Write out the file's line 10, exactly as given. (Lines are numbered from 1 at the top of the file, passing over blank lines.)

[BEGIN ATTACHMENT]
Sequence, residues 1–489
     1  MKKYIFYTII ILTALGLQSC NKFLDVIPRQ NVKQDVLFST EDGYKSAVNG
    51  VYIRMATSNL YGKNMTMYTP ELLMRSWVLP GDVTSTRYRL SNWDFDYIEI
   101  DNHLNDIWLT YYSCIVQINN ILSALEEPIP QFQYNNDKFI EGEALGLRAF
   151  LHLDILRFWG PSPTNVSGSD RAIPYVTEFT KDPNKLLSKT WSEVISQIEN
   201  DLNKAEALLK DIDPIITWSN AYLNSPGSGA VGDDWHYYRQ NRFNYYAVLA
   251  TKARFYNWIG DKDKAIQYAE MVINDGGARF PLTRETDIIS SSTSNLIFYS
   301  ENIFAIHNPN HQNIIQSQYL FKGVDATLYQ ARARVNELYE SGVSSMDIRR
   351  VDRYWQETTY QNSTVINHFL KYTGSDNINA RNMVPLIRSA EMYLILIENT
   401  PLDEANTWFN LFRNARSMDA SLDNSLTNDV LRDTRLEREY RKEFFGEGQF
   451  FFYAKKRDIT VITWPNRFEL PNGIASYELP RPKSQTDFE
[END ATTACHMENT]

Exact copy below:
   401  PLDEANTWFN LFRNARSMDA SLDNSLTNDV LRDTRLEREY RKEFFGEGQF